AHEAD OF THE CURVE: Smarter than your average city
03 March 2015 |
How are operators, vendors and governments in the GCC working alongside one another to turn smart city concepts into a reality? Alex Hawkes investigates.
"Our ambition is that this project touches the life of everyone in our country, or every mother in her house, or every employee in his work, or every investor in his project, or every child in his school, and doctor in his clinic,” said His Highness Sheikh Mohammed bin Rashid Al Maktoum, VP and prime minister of the UAE in March 2014 as he unveiled to the world his vision to transform Dubai into a Smart City.
Under the strategy, 1000 government services are aiming to go smart in the next three years, encompassing everything from transport through to electricity. The announcement highlights the growing on Smart City concepts by Gulf countries, where the relative youth of urban infrastructure is presenting governments with the ability to fast-track ICT projects.
There are clear economic, social and environmental benefits to pursuing Smart City concepts, where technology has the potential to develop and reform institutions and systems.
In the Middle East, Dubai and Abu Dhabi have taken active leadership roles with the Smart City concepts, but others such as Doha in Qatar as well as Riyadh and Jeddah in Saudi Arabia are also pushing ahead.
“What we have seen so far is only the early stages of deployments. Operators such as Mobily and Etisalat have been heavily involved in the roll-out of fibre in Saudi Arabia and the UAE respectively,” says Karim Yaici, lead analyst of Middle East and Africa at Analysys Mason. “The underlying infrastructure for high-speed networks is there.”
The UAE boasts the highest FTTH penetration in the world, according to research by the FTTH council. The country’s two operators – du and Etisalat – have invested significantly in the technology, which they have also been able to roll-out as part of new housing and real estate projects, where FTTH is a standard requirement.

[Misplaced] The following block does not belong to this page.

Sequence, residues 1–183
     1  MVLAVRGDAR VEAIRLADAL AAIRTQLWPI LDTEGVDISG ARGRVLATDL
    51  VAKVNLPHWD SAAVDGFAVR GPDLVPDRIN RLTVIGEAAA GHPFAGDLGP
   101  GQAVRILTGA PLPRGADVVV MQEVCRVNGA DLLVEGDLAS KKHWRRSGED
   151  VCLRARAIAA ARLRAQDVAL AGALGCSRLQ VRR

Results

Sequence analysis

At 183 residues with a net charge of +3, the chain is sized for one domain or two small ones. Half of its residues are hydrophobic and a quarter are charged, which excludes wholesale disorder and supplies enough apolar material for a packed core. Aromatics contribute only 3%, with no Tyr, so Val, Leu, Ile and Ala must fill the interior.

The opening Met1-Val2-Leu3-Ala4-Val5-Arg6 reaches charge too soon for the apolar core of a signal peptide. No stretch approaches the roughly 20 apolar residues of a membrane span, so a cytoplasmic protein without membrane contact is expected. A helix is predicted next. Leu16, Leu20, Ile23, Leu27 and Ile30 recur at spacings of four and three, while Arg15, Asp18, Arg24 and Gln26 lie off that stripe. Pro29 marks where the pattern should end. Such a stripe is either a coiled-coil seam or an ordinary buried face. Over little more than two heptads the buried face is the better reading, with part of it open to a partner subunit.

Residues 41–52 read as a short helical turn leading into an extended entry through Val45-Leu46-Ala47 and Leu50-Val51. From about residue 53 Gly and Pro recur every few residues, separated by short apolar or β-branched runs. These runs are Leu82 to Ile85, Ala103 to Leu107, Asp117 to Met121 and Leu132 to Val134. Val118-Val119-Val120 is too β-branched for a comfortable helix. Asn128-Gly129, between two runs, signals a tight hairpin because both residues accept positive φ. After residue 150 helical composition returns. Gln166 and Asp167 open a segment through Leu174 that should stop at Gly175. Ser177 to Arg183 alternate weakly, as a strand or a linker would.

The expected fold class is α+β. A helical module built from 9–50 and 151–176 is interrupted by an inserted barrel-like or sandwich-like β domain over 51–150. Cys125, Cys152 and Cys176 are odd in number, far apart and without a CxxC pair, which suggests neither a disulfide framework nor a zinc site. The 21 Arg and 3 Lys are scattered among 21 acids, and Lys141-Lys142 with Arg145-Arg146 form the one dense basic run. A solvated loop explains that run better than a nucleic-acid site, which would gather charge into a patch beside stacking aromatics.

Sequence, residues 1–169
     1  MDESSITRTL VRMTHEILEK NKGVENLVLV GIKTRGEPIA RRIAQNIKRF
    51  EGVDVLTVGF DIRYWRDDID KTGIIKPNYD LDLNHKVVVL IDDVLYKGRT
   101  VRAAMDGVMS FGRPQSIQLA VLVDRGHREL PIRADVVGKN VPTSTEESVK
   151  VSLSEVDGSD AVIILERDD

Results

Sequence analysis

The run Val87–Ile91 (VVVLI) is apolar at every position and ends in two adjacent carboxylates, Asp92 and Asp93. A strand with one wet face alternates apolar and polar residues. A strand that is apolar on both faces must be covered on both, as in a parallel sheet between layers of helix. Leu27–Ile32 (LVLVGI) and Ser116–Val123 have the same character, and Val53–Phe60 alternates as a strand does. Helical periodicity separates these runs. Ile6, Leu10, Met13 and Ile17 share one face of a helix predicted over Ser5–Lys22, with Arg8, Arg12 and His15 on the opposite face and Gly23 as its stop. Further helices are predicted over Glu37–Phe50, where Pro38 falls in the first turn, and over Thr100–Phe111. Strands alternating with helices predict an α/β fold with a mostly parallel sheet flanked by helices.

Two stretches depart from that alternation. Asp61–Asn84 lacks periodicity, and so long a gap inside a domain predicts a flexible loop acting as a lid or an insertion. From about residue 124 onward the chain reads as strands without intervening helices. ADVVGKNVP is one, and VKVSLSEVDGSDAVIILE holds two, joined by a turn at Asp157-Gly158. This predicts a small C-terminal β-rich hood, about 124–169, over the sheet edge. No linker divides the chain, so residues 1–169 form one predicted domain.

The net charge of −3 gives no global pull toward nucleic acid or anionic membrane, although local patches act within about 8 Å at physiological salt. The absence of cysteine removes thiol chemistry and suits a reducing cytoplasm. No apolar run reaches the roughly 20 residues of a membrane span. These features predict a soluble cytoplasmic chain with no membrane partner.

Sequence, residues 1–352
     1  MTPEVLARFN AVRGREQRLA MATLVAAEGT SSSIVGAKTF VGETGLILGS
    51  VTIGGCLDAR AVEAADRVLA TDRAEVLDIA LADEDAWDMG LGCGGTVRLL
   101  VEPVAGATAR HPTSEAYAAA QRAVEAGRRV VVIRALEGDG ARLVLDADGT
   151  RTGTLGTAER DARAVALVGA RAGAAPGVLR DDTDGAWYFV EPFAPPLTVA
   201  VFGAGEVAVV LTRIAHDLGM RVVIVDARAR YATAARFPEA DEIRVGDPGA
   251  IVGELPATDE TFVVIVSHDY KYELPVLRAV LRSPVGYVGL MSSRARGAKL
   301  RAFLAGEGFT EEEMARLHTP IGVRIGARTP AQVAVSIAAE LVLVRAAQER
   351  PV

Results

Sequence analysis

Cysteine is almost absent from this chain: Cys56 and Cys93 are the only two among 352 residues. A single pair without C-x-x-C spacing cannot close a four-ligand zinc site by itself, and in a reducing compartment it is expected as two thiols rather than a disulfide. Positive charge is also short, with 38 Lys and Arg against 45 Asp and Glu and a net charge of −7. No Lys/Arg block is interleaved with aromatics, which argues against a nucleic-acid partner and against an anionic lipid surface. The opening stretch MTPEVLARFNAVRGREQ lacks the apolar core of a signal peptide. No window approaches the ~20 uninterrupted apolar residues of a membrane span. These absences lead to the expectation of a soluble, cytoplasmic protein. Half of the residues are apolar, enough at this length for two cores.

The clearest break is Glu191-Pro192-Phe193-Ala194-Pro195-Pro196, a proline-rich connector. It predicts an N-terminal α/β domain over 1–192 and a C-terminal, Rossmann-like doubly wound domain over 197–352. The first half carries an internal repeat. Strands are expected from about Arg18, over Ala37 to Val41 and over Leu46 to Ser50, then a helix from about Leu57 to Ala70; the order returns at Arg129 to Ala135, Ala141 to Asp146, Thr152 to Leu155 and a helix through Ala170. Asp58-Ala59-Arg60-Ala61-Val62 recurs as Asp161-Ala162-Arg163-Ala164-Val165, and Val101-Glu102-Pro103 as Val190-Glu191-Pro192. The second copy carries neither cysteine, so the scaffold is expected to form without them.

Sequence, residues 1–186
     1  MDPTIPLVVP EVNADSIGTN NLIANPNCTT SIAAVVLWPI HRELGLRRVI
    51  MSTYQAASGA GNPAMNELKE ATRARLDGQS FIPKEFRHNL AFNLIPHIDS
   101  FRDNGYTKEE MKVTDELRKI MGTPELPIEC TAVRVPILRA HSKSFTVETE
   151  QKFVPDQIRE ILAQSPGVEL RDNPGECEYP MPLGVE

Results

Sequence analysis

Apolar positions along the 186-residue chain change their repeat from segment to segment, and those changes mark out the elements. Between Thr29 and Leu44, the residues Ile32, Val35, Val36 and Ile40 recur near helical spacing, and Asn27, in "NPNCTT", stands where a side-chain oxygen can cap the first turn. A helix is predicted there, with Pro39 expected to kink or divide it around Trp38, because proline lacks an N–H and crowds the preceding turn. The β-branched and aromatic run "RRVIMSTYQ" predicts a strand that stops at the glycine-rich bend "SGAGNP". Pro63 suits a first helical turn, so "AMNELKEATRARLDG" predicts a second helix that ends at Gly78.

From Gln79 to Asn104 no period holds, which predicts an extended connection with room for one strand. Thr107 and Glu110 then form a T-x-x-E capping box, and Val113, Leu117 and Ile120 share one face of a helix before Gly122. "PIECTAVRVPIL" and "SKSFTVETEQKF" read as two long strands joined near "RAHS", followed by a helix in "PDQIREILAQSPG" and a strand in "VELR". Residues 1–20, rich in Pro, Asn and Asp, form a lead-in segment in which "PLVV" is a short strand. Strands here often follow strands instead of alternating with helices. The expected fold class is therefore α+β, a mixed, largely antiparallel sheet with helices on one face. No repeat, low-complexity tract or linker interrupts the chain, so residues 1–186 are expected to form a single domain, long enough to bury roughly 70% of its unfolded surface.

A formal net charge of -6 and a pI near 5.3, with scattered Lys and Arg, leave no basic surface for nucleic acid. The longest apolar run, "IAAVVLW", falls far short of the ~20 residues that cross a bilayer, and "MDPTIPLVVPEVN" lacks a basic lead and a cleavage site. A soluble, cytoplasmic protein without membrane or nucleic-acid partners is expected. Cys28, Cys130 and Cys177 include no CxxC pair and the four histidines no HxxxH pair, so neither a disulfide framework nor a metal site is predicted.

This sophisticated communications layer offers valuable foundations to develop a Smart City. But even with the capabilities in place, what is the next stage and how can it be implemented?
“At the moment everyone in the value chain is looking at Smart Cities as an opportunity for growth but there is no clear roadmap as to who will be doing what, and what the implications will be in terms of revenues,” Yaici says. “Clarity is needed from governments beyond using the word Smart City for an umbrella for a lot of things.”
Operators in the Gulf often have the advantage of sharing a close relationship with the governments. As the two main stakeholders of any Smart City project, this relationship could prove key moving forward. “Governments have got a big role to play in terms of providing the investments that are required,” says Yaici.
“The governments and telcos are working closely, but the issue is who will be doing the non-connectivity aspect.”
Climbing the league table
In 2014, for the first time Dubai, Muscat and Abu Dhabi entered Ericsson’s Networked Society City Index, which compares cities’ ICT maturity and their social, economic and environmental development (see graph).